Idiom of the day: “Bringing coals to Newcastle” is an English idiom used to describe a pointless action. During the Industrial Revolution, Newcastle was a centre for the British coal mining industry, and it would have made no sense to bring coal to Newcastle.
We were reminded of the phrase this morning when we read that Noma, the Michelin three-star restaurant in Copenhagen run by chef René Redzepi, is planning to open a 10-week “residency” in Kyoto next spring. The meal will cost 850 euros per person including drinks, tax and service.
Noma’s website says, “We have traveled throughout Japan and this specific region for many years. We have studied and researched the history and the food culture, in particular kaiseki cuisine. For our Kyoto menu, we will source ingredients from local farmers, hunters, fishmongers, and foragers and will work very closely with this local network of suppliers. Our menu will reflect the sakura season in Kyoto, yet, we will not be a Japanese restaurant.”
Like many contemporary superstar chefs, Redzepi worked at Ferran Adrià’s famous El Bulli restaurant in Catalonia, Spain, and told The New York Times, “I was taught that the tasting menu was invented by the French and then reinvented in Spain. I had no idea of the vast repository of ideas and techniques that is Japanese food.”
In fact, in 1965 the legendary French chef Paul Bocuse traveled to Japan, was introduced to kaiseki, and returned to Lyon to pioneer nouvelle cuisine, which reimagined French cooking with an emphasis on seasonality, the quality of ingredients, and a dramatic procession of stylishly presented plates.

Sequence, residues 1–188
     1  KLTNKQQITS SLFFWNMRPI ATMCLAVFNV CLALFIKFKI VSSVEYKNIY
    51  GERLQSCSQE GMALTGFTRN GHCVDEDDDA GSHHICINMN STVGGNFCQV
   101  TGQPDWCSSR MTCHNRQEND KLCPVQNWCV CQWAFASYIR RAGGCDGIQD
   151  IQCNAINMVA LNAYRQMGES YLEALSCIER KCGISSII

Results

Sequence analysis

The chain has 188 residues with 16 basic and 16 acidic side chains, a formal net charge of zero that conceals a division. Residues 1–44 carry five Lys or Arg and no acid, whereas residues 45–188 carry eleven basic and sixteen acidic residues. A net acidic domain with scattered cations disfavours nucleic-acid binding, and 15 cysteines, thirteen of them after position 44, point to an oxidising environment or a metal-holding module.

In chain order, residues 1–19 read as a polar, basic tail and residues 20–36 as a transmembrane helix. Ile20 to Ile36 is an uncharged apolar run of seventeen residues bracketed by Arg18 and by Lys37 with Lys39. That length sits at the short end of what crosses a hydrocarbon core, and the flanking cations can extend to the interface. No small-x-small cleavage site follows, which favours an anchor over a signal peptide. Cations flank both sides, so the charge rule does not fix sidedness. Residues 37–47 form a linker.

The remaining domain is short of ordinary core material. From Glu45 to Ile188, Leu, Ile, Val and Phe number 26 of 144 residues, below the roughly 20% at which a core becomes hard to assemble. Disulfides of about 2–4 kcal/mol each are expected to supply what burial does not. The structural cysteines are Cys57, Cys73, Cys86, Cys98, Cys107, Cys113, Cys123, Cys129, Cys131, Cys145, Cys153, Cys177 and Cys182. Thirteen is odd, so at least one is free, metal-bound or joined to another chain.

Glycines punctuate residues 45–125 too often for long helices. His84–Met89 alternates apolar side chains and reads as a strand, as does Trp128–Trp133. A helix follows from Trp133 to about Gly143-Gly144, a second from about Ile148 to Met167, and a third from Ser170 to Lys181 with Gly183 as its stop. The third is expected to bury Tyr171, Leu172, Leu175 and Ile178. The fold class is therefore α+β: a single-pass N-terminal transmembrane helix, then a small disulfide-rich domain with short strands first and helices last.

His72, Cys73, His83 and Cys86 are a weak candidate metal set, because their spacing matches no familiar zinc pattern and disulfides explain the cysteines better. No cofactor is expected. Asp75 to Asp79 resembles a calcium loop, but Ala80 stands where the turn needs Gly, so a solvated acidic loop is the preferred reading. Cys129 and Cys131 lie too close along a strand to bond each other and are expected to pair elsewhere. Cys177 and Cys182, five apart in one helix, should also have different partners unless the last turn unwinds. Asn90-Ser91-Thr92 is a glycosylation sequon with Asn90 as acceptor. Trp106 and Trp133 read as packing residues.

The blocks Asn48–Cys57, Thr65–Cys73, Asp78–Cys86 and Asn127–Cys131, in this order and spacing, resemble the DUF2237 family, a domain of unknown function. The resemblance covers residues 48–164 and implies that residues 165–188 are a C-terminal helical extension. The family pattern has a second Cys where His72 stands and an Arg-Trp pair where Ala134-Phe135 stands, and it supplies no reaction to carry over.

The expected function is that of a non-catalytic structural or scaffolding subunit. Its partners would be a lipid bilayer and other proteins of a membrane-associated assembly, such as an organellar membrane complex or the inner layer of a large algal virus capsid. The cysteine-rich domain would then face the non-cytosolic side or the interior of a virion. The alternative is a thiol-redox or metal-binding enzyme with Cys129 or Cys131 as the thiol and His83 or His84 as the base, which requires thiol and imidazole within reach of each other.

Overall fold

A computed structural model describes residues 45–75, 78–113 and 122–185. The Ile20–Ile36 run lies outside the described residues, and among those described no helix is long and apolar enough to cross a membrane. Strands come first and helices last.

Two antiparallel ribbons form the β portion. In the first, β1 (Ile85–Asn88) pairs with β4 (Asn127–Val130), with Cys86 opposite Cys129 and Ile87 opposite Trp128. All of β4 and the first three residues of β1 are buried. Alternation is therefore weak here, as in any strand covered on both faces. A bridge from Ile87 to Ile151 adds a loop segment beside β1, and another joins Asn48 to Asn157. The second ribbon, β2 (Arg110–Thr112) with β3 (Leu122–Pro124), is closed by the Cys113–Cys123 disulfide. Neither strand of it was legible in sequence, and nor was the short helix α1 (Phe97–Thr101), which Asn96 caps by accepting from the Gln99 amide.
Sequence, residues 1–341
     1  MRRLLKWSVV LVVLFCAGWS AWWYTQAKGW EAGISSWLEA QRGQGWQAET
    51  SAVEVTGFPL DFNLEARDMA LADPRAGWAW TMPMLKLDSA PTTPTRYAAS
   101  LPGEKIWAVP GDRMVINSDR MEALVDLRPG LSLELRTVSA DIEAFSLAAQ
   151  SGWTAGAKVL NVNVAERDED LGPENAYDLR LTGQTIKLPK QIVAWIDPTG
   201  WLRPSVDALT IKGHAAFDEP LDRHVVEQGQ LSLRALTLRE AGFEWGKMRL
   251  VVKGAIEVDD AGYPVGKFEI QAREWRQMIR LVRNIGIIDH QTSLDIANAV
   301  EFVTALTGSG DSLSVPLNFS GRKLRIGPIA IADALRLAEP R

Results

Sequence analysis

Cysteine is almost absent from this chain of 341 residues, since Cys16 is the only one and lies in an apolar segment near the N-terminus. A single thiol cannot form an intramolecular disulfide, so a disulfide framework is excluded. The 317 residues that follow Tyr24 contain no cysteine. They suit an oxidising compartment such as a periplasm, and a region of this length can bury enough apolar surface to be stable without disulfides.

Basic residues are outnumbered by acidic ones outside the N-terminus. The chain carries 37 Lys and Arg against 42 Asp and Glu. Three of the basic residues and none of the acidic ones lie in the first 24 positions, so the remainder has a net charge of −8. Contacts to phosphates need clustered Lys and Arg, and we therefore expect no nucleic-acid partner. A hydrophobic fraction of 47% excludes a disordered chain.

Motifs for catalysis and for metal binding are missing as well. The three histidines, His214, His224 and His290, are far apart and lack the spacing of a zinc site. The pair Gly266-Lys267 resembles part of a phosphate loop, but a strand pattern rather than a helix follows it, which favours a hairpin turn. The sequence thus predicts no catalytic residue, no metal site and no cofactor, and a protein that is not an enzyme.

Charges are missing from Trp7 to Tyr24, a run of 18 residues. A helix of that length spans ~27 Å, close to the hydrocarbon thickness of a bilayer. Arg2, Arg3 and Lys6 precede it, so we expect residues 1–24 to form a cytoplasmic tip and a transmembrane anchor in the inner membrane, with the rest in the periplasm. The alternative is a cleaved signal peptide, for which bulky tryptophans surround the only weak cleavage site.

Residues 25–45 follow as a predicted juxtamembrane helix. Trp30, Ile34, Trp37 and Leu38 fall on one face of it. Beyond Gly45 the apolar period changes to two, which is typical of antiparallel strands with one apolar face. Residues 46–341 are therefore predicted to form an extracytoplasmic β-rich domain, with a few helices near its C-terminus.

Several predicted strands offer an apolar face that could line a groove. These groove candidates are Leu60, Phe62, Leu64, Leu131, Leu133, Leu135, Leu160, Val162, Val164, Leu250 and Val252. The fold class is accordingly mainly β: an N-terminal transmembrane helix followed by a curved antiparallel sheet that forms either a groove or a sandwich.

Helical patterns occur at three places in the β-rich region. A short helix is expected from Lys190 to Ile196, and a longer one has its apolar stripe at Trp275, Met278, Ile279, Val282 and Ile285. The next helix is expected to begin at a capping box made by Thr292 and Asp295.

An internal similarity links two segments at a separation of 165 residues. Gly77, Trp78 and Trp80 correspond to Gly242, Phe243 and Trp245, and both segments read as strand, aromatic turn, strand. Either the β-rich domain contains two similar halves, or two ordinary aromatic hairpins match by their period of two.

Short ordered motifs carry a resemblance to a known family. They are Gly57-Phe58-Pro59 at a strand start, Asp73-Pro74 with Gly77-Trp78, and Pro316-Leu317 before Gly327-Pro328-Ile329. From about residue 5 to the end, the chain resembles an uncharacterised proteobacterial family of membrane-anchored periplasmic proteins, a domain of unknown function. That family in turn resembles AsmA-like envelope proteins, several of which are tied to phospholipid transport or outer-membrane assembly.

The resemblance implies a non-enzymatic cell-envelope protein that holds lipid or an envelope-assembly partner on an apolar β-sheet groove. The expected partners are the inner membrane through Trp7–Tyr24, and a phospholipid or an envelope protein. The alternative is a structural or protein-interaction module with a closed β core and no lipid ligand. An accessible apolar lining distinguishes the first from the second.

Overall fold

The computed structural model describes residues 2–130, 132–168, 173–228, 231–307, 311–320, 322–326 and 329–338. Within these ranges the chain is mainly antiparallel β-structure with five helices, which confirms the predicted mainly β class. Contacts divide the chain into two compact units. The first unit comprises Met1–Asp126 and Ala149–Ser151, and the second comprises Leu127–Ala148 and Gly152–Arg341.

Nothing at all against Noma, which has been ranked the “world’s best restaurant” several times, including only last year, but if you’re in Kyoto and want a multi-course meal that balances the taste, texture, appearance, and colors of food, you are spoiled for choice.
Many non-Japanese have had the experience of eating an omakase Japanese meal. Omakase means “I’ll leave it up to you”, and if you’ve had a high-end sushi meal, you may have “left it up to” the chef (recommended!).
Kaiseki is different. Yes, you’re “leaving it up to” the chef, but the chef’s preparation started months earlier, not that morning at the fish market. A kaiseki meal may incorporate hundreds of ingredients, and no detail is left unconsidered. In the autumn along Kyoto’s Kamogawa River, you can see young kitchen apprentices collecting fallen autumn leaves that will be used in presenting one or more dishes.
The “rules” governing the preparation of a kaiseki meal can be myriad, but most important are seasonality, local ingredients and presentation. But other “rules” might include serving pieces of sashimi in odd numbers only (there is plenty of superstition in Japan and East Asia); serving round food in square dishes and vice versa; and serving food in/on dishes of different shapes and materials.
If you stay in a high-end ryokan (traditional Japanese inn), a kaiseki dinner may be included in the price. But if you are staying in another sort of establishment (e.g. a modern hotel), you can experience kaiseki in a ryotei, a traditional Japanese restaurant historically associated with geisha and if we’re honest, influence-peddling!
It used to be the case that access to ryotei was only by introduction from another customer, but times have changed. A good concierge can get you a reservation at a superb ryotei. And so can the friendly folks at The J Team!
Not an idiom, but a famous proverb is “When in Rome, do as the Romans do.”
When we’re in Rome, we don’t eat Japanese food. When we’re in Kyoto, we go for kaiseki.